she had two voices, one which fell deep like the voice of a man, and another light and innocent. two women disputing inside of her.

she aroused a feeling in lillian which was not human. she felt she was looking at a painting in which there was an infinity of violent blue. a white statue with lascivious medusa hair. not a woman but a legend with enormous space around her.

her eyes were begging for an answer to an enigma. the pupils seemed to want to separate from the whites of the eyes.

lillian felt no longer any jealousy, but a curiosity as in a dream. she did not feel any danger or fear in the meeting, only an enormous blue space in which a woman stood waiting. this space and grandeur around helen drew lillian to her.

helen was describing a dream she often had of being carried away by a centaur and lillian could see the centaur holding helen's head, the head of a woman in a myth. people in myths were larger than human beings.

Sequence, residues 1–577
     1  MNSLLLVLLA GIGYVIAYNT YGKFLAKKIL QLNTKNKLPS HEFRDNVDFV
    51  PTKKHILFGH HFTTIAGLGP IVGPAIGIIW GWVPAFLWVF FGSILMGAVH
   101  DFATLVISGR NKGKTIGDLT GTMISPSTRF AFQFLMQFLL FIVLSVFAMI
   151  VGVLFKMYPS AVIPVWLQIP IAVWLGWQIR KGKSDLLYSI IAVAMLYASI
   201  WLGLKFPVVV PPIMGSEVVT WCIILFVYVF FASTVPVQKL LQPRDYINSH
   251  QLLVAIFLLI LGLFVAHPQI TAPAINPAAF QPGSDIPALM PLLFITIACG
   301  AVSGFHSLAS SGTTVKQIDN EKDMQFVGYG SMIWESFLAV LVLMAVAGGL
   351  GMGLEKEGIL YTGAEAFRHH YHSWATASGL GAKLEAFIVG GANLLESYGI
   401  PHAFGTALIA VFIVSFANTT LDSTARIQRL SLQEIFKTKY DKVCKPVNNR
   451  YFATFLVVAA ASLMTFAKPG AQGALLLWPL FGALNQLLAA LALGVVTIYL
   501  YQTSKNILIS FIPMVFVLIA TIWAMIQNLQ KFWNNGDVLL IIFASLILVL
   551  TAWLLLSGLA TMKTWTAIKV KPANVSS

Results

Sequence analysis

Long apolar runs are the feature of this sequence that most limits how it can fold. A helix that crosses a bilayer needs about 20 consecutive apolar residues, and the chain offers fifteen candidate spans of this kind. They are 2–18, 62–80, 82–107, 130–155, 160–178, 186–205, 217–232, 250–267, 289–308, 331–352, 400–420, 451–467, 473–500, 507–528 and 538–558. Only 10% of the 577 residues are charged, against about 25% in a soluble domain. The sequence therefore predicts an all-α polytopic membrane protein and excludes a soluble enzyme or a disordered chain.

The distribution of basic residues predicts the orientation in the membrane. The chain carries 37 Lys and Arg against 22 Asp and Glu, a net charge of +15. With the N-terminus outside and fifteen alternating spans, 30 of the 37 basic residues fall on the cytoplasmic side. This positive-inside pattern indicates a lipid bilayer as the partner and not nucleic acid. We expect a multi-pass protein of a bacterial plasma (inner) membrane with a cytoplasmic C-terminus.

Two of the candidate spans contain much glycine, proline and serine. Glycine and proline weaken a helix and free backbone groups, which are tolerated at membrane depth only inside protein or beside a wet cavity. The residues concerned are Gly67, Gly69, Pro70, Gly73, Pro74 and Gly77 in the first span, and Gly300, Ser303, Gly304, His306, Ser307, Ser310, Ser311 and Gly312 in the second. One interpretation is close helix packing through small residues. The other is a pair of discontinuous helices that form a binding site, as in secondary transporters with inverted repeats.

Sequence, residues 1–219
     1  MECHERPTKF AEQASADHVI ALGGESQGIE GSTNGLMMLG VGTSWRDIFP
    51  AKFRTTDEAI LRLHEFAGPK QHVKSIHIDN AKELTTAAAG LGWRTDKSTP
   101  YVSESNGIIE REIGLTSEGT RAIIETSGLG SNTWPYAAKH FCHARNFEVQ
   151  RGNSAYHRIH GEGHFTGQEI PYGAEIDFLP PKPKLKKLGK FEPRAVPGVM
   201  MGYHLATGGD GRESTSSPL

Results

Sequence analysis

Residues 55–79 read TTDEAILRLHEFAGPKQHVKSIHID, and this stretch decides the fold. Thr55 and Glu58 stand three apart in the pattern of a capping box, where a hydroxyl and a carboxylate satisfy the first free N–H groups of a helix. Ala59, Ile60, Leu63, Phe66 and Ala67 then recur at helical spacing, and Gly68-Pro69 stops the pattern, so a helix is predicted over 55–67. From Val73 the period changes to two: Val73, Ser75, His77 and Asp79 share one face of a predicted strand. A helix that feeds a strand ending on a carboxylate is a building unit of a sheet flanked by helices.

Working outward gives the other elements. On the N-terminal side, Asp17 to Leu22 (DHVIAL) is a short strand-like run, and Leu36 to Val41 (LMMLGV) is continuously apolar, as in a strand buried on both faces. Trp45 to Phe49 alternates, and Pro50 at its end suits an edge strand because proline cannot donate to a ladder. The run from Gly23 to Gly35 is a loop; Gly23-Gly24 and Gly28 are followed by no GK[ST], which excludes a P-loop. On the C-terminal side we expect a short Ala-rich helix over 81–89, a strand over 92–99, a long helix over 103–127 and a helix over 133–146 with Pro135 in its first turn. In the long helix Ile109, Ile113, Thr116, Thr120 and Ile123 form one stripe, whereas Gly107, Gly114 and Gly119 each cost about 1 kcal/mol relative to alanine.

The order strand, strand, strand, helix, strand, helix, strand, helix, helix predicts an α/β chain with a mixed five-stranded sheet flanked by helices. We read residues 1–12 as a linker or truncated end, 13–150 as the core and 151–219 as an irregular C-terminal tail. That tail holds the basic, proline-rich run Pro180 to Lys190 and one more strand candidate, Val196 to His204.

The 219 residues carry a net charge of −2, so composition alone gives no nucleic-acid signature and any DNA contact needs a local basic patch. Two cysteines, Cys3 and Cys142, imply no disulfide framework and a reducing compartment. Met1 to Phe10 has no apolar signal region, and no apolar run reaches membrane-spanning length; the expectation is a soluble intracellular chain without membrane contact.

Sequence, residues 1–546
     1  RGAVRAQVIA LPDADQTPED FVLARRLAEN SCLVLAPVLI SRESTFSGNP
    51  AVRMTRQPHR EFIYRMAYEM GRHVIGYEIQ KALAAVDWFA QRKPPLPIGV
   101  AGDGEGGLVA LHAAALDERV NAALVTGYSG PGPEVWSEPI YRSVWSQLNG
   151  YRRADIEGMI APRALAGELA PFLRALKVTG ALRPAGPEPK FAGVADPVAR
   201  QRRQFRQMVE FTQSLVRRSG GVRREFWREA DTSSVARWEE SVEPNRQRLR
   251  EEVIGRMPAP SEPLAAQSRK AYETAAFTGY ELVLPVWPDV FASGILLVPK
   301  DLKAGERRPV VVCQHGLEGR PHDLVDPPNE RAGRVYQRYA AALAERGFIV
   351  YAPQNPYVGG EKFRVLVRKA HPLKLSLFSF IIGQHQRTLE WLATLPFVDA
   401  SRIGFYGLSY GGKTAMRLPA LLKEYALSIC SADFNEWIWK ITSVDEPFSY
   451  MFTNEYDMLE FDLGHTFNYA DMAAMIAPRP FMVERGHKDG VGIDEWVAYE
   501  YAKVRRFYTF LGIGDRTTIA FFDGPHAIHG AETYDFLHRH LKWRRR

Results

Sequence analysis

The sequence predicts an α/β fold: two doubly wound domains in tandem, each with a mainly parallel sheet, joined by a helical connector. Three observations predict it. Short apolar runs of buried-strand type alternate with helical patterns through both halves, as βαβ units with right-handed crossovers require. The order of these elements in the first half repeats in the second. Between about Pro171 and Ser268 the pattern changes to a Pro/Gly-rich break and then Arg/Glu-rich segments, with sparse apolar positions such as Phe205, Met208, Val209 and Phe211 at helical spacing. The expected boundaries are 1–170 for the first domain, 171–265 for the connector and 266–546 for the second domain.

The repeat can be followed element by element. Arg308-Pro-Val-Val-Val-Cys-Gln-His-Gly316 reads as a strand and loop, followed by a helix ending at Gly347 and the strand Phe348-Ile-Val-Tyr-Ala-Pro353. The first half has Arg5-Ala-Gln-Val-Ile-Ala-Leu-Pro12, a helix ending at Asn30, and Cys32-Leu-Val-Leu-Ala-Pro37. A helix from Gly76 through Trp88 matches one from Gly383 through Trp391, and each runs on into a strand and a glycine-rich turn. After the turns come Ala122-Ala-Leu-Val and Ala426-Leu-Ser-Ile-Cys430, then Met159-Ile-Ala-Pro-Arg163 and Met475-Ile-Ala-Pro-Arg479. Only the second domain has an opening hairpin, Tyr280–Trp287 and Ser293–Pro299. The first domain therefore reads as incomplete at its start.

Thursday, April 14, 2016


all quotes from this book, chapter 3: envy

"envy lacks cultural recognition as a valid mode of publicly recognizing or responding to social disparities, even though it remains the only agonistic emotion defined as having a perceived inequality as its object. this invalidation is most powerfully exemplified by envy's integration into the nineteenth-century ideologeme of ressentiment: the 'diseased passion' which, as fredric jameson notes, enabled the discrediting of genuine political impulses by ascribing them to 'private dissatisfactions' or psychological flaws."

"whereas envy and jealousy were 'dramatically transformed' into female characteristics in the nineteenth century, in the twentieth century this feminization was accompanied by intensified social prohibition against their expression."